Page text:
Female soldier gets jail time for fleeing to Canada
Pfc. Kimberly Rivera, 30, on Monday plead guilty to two counts of desertion for avoiding her second tour in Iraq. The Army private had served in Iraq in 2006, and deserted during her two-week leave in the US in 2007. She fled with her husband and children to Canada in protest of what she called an “illegal and immoral war” – a war that she said she became disillusioned with.
Upon arrival in Canada, Rivera applied for refugee status, but was threatened with deportation in 2009. Her requests for permanent residency and residency based on humanitarian grounds were also rejected, but the young woman continued to appeal the deportation order until a second one was issued in 2012. She spent five years living in Canada before turning herself in to authorities at the US border in September.
The Canadian-based War Resisters Support Campaign launched a petition protesting her most recent deportation order, but Canadian authorities rejected their request to let Rivera stay. About 19,000 people had signed the online petition and rallies were held throughout Canada, calling on the government to let Rivera make her home in the country. Nobel Peace Prize winner Archbishop Desmond Tutu also protested the order, but failed to impact the government’s decision.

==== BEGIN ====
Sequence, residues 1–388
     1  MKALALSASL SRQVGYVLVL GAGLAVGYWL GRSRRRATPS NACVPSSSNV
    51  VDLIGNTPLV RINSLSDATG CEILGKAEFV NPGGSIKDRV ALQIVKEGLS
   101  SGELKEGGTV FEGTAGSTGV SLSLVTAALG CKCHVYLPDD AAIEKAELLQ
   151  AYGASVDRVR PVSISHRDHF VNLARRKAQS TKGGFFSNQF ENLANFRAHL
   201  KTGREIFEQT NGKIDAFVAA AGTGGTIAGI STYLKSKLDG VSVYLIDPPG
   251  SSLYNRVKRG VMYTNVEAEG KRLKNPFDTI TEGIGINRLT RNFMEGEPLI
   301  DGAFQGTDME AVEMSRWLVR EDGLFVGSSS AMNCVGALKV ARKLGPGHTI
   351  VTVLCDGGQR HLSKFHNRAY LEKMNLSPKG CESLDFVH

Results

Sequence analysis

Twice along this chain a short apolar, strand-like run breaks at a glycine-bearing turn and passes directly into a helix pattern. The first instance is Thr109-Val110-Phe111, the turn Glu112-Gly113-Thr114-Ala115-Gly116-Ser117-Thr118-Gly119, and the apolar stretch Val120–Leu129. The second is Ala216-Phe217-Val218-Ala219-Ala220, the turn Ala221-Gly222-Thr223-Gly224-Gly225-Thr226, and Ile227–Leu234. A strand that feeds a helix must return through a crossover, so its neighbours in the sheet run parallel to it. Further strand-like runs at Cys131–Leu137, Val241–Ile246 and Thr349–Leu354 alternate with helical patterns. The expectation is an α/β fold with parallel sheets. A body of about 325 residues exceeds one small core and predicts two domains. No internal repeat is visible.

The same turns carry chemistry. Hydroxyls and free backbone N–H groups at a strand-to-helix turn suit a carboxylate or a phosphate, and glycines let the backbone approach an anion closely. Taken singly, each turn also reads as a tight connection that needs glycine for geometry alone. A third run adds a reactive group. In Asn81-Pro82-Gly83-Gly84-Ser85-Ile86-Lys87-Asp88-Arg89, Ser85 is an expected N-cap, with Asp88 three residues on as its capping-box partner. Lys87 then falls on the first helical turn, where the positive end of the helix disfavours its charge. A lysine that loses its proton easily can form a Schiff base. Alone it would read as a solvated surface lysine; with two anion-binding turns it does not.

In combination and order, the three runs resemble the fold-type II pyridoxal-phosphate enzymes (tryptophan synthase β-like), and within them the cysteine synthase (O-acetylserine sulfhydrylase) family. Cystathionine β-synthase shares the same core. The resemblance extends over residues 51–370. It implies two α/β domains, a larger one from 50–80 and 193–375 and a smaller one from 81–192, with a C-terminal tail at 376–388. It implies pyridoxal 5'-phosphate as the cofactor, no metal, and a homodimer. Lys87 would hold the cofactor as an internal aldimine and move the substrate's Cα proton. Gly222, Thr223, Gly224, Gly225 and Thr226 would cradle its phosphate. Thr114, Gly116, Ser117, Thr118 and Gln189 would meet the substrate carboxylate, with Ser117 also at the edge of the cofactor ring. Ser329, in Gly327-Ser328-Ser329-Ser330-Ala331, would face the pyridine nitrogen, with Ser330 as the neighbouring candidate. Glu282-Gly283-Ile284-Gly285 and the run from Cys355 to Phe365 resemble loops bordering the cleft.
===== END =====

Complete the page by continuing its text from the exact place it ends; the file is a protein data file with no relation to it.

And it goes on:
“Military deserters from the United States are not genuine refugees under the internationally accepted meaning of the term. These unfounded claims clog up our system for genuine refugees who are actually fleeing persecution,” Canadian Immigration Minister Jason Kenney’s spokeswoman, Alexis Pavlich, said last September.
During her sentencing hearing in the US, attorneys representing Rivera argued that the woman’s husband had threatened to leave her and take the children if she returned to Iraq. She alleges that she was partially motivated to desert the military because of the prospect of losing her children.
James Matthew Branun, a civilian defense attorney representing the young woman, argued before the judge that Rivera did not know she was able to file as a conscientious objector of the Iraq War, the Colorado Springs Gazette reports. In many cases, conscientious objectors are appointed to alternative services as a substitute for their military assignments. Since Rivera was morally opposed to the Iraq War and claims she could never kill another person, she could have requested to serve the military in a different way.
But after pleading guilty to her desertion, Rivera was sentenced to 10 months in military prison and a bad conduct discharge.
The young mother is the third Iraq war resister that was deported from Canada and now faces a jail sentence. Robert Long and Clifford Cornell, both deserters of the Iraq war, were dishonorably discharged and deported from Canada. Long was sentenced to 15 months in military prison in 2008.
The War Resisters Support Campaign, a Canadian activist group, estimates that there are about 200 other Iraq war deserters currently living in Canada.